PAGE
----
An efficient way of calculating distinct count | HyperLogLog

The time complexity of calculating distinct count is of order O(N) which is pretty huge if you have the requirement to have real-time analysis on these metrics.
Let’s take an example, Facebook wants to know active users/per minute on the platform. Now, people can log in multiple times with different devices. When you are operating at 2.5 billion users you can’t just fire a distinct count query in the SQL and expect it to get completed in real-time. But if you analyze the situation we are concerned about the approximate number of the distinct user not interested in the precise value of it.

What is Hyperloglog?

A HyperLogLog is a probabilistic data structure used to count unique values — or as it’s referred to in mathematics: calculating the cardinality of a set.

In simple words, Instead of calculating the actual number of unique values, it estimates the count based on the maximum number of trailing zero in the binary representation of each number in the set. Not simple enough?

Let’s say we have 4 integers [2,5,8,3]
2 => 10 => number of trailing zero is 1
5 => 101 => number of trailing zero is 0
8 => 1000 => number of trailing zero is 3
3 => 11 => number of trailing zero is 0
so maximum trailing zero is 3.

And if we consider that the data is uniformly distributed(by using a good hash function) then how many distinct numbers should be there to get 3 trailing zero?
let’s calculate how many distinct numbers should be there to get 1 trailing zero? In binary representation, the last bit can be 0/1 right? so we should have 2 number probabilistically in the set to get 1 trailing zero. Similarly if the maximum trailing zero of set is 3 that means the cardinality of that should be around 8 (2³).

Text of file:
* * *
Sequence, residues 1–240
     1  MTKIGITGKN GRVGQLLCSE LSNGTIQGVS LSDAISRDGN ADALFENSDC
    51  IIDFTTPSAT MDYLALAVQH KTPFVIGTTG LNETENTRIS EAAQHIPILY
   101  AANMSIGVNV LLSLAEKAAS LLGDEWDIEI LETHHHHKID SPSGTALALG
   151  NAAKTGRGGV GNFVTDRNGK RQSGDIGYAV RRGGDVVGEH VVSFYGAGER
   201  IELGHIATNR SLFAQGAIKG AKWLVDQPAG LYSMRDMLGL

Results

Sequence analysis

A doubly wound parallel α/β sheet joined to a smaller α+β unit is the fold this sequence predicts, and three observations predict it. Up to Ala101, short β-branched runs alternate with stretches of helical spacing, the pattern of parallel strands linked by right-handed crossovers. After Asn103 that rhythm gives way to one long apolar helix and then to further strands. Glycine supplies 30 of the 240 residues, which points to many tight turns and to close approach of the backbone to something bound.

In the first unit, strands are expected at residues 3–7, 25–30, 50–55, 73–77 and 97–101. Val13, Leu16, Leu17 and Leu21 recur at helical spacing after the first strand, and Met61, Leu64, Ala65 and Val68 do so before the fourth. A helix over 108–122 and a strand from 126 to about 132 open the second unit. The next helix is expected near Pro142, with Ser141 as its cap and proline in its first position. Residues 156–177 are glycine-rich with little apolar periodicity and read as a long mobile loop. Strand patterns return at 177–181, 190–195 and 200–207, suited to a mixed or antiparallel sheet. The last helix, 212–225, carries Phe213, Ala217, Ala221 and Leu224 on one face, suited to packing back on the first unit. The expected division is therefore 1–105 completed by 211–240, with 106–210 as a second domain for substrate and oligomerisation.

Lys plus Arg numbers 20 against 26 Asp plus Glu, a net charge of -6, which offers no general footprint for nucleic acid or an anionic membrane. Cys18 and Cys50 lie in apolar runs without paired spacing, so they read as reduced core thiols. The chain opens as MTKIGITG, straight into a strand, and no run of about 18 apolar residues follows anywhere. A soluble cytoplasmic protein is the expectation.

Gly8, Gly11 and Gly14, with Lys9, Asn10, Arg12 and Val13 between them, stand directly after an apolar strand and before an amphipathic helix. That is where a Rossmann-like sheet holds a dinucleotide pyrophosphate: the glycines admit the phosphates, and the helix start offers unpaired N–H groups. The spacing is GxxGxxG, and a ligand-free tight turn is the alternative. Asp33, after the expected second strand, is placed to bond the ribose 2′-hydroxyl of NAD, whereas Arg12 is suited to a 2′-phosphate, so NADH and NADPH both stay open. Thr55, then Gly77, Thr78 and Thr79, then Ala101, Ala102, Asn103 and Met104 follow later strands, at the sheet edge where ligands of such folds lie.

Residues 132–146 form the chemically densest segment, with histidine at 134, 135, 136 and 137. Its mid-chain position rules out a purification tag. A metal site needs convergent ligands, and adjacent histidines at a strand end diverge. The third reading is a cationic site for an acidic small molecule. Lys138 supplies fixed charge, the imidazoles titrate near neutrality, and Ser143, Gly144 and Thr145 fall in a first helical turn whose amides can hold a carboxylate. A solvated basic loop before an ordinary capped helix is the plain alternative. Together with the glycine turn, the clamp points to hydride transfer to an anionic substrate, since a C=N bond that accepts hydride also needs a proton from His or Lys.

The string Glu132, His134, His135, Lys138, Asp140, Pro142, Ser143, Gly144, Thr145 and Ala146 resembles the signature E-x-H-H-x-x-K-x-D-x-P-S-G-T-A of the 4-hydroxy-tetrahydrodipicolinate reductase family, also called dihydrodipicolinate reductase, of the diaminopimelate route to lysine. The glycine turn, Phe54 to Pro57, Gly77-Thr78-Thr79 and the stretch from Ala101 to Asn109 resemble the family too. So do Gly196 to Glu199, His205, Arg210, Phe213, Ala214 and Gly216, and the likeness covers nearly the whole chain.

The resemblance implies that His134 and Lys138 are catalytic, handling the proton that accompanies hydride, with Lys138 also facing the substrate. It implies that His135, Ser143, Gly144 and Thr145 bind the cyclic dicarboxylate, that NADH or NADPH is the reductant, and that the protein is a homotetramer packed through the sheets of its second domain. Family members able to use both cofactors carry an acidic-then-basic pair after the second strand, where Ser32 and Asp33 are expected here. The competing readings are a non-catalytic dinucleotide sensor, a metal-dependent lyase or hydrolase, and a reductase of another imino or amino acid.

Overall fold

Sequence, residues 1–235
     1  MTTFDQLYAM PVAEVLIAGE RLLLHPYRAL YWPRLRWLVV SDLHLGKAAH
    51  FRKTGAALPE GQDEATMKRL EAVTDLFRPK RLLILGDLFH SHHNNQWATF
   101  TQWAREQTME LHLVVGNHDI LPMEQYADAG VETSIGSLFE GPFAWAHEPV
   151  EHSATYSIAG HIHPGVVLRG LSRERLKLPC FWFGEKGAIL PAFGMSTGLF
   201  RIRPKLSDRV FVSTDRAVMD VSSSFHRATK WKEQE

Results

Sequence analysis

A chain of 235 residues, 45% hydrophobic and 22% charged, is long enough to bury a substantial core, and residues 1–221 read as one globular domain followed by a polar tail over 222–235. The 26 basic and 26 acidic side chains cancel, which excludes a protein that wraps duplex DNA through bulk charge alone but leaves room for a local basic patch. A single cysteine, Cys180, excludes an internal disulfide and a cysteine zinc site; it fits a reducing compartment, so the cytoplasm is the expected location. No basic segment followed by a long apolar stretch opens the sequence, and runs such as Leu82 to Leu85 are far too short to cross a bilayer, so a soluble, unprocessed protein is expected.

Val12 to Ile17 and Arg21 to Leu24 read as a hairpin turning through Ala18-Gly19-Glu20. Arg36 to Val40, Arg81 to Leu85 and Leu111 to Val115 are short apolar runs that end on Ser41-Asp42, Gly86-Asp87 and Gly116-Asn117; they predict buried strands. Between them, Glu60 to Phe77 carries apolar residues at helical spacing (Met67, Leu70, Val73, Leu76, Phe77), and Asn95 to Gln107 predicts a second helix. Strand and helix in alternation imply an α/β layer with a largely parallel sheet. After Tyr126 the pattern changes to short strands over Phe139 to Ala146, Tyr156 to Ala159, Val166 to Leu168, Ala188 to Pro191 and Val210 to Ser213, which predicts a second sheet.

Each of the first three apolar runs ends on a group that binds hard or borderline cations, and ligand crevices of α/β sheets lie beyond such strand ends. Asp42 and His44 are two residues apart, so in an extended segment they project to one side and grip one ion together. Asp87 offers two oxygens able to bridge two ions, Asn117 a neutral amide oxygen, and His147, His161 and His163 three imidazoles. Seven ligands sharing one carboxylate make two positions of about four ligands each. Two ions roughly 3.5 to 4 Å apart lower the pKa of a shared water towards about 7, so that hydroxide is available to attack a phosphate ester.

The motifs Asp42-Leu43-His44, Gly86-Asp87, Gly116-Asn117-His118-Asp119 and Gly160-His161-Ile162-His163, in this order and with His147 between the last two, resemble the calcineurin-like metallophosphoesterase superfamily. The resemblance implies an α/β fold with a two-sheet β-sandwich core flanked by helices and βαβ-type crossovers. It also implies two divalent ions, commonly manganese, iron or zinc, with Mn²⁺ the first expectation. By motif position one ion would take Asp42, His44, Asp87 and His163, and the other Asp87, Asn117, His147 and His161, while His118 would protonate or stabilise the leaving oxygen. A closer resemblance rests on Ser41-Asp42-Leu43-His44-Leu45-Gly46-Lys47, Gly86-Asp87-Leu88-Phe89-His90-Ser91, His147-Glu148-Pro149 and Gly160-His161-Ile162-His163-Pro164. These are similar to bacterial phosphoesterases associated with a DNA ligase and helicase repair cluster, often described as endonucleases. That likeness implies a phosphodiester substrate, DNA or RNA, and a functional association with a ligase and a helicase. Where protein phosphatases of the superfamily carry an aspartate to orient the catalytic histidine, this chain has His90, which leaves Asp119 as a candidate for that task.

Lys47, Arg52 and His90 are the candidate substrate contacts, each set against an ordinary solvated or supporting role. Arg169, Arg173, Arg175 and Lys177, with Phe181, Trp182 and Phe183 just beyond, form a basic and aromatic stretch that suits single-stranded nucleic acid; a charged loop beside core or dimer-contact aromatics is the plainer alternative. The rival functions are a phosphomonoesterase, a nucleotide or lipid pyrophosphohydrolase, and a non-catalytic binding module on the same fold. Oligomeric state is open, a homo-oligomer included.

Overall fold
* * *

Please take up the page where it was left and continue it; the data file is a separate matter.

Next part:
You must be wondering that the error rate of this algo is huge. For 4 integer it is saying that there are 8 unique integers in the set. The above explanation is just the base of the algorithm. In reality, instead of calculating the maximum over the whole set, numbers are divided uniformly into buckets, and the maximum of each bucket is used to calculate the cardinality of a set(Harmonic mean of all the values). Refer to this for more details.
The error is less than 1% standard error that means for a set with 1000,000 distinct users it should predict in the range [998,999 to 1010,000] which is good enough for our example.

Why the name is loglog?
If you would have observed the space complexity of this algo is loglog(N) as we are just storing the maximum number of trailing zero of the set.

Redis has HLL as one of the built-in data structures. Some stats on the of HLL in the Redis:

Accuracy: approximated with a standard error of 0.81%.
Time complexity: O(1)

Redis HLL is 1000x faster than the SQL distinct query and gives a result close to the real value.